The record reflects that by letter dated December 2, 1980, the general contractor refused plaintiff's request for repairs to the roof on the ground that the one-year warranty had already expired. Although the letter does not refer to the date the leak at issue in the letter occurred, the record shows the leak in question occurred in early December, after the one-year warranty had expired in October. All previous complaints had been reported prior to the expiration of the warranty period and were repaired under the warranty. However, the December complaint and any subsequent claims were not covered under the warranty and the contractor was entitled to summary judgment.

3. Summary judgment was also properly granted as to plaintiff's claims in negligence against both the general contractor and the subcontractor. An action for negligent damage to real property must be brought within four years after the right of action accrues. OCGA § 9-3-30. Plaintiff argues that its action in negligence is not time barred because an issue of fact remains as to when it discovered the roof was negligently constructed and because the action was brought within eight years after substantial completion as provided by the statute of repose for construction cases, OCGA § 9-3-51. However, the Georgia Supreme Court has ruled that the tolling of a period of limitation by the discovery rule is confined to cases involving bodily harm. Corporation of Mercer Univ. v. National Gypsum Co., 258 Ga. 365 ( 368 S.E.2d 732) (1988). "An action under OCGA § 9-3-30 must be brought within four years of substantial completion." Id. at 366.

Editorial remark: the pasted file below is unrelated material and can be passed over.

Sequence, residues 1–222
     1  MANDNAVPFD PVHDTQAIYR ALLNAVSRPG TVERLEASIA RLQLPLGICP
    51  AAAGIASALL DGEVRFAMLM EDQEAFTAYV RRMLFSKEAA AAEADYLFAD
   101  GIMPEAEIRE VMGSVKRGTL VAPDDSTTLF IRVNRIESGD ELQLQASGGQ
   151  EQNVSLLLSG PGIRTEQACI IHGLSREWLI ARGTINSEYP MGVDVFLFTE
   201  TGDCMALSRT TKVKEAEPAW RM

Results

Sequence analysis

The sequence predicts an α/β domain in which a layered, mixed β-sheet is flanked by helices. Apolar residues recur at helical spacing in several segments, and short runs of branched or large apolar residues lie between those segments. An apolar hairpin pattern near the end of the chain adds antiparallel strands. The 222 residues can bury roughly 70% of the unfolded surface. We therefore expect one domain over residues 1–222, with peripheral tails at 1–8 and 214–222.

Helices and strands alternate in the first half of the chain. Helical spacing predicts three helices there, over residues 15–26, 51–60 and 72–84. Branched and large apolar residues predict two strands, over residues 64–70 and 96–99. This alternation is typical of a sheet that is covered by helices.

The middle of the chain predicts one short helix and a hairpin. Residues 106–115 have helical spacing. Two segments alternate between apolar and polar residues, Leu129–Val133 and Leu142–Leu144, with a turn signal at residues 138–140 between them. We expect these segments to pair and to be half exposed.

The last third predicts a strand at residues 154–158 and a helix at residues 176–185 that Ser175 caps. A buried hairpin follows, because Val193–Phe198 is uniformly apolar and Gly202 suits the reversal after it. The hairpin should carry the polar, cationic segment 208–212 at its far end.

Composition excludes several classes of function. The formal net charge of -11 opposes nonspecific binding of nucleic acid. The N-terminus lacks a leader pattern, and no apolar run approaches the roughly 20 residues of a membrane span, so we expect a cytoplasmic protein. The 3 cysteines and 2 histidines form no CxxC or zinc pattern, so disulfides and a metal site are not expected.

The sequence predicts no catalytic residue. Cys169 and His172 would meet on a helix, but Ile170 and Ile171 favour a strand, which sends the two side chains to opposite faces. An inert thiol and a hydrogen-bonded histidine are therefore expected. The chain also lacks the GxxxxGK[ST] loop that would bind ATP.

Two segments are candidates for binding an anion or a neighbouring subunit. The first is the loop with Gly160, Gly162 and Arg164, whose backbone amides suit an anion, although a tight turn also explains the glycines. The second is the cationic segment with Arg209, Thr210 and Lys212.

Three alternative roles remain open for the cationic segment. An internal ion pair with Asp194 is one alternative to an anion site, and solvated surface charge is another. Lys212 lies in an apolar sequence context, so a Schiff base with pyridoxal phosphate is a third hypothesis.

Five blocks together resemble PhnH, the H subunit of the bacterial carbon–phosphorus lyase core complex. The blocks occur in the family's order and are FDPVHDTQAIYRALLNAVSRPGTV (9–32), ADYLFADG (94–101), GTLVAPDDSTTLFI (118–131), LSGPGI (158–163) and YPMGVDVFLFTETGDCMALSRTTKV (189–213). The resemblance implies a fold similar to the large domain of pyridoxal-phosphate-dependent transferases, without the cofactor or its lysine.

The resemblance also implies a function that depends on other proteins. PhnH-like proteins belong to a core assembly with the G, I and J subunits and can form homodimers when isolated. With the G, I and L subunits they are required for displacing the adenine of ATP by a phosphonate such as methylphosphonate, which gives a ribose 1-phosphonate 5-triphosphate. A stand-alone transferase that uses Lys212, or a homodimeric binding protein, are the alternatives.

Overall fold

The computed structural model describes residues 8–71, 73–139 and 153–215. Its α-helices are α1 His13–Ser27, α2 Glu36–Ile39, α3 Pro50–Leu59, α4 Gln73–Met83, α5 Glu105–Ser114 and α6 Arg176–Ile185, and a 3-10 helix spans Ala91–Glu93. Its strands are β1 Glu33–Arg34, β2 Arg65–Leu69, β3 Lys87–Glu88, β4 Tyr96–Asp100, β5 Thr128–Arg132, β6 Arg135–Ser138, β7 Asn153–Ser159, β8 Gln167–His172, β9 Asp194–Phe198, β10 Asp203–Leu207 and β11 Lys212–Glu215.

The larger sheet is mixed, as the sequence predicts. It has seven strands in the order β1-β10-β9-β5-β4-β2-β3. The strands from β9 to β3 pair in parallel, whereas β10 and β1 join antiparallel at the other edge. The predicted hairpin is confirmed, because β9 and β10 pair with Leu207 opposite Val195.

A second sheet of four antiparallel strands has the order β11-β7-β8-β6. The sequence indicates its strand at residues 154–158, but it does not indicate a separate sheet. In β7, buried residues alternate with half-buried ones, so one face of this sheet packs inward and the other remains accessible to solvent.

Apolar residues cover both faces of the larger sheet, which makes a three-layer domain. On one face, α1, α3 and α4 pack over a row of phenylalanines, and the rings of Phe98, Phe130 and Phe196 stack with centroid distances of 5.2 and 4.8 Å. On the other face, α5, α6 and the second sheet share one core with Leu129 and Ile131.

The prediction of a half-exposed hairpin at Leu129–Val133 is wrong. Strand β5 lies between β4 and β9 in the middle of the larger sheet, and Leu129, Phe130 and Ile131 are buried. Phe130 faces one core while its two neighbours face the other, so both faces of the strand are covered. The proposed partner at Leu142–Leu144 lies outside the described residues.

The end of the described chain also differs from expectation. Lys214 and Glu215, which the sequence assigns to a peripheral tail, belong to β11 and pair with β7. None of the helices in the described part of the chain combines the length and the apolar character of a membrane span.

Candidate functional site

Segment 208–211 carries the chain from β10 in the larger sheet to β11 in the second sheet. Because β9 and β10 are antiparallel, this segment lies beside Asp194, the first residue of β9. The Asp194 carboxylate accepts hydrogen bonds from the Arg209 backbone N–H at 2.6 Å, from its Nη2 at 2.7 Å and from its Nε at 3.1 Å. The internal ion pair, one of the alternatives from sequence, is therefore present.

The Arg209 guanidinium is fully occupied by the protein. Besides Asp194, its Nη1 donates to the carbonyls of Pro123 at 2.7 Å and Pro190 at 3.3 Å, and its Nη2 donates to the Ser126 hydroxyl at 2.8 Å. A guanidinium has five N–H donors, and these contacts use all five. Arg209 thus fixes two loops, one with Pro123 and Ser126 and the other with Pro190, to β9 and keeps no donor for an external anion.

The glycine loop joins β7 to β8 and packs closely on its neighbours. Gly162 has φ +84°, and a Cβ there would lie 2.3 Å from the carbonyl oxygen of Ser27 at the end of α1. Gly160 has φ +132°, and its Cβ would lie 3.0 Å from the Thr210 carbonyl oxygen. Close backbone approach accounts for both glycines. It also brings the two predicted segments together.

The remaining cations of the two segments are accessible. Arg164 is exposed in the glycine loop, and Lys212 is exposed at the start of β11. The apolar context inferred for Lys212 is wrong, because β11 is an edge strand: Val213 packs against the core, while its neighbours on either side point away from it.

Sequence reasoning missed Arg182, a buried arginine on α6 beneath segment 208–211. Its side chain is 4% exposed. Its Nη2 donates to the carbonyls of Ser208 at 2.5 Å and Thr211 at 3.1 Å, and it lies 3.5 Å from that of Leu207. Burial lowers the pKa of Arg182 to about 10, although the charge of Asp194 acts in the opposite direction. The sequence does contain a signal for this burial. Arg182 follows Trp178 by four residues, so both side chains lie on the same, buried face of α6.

We reject plaintiff's argument that the Mercer case does not apply to a case, such as this one, where a statute of repose applies. The purpose of the statute of repose is to impose an outside limit on the bringing of lawsuits which are otherwise brought within the applicable statutory period after the action has accrued. See OCGA § 9-3-53. The Georgia courts have never interpreted the statute of repose for construction cases as extending the otherwise applicable period of limitation. "It is clear from a reading of [OCGA § 9-3-53] that the legislature never intended [OCGA § 9-3-51] to establish a new eight year statute of limitation in place of the two, four and six years statutes that may be applicable depending on the cause of action alleged." Benning Constr. Co. v. Lakeshore Plaza Enterprises, 240 Ga. 426, 428 ( 241 S.E.2d 184) (1977). Thus, the discovery rule does not toll the limitation period either for plaintiff's negligence claim or its breach of contract claim.

Judgment affirmed. Deen, P. J., and Beasley, J., concur.


Summaries of

Ft. Oglethorpe Assoc. v. Hails Constr

Court of Appeals of Georgia
Jul 26, 1990
196 Ga. App. 663 (Ga. Ct. App. 1990)
Case details for

Ft. Oglethorpe Assoc. v. Hails Constr

Case Details


Court:Court of Appeals of Georgia

Date published: Jul 26, 1990


196 Ga. App. 663 (Ga. Ct. App. 1990)
396 S.E.2d 585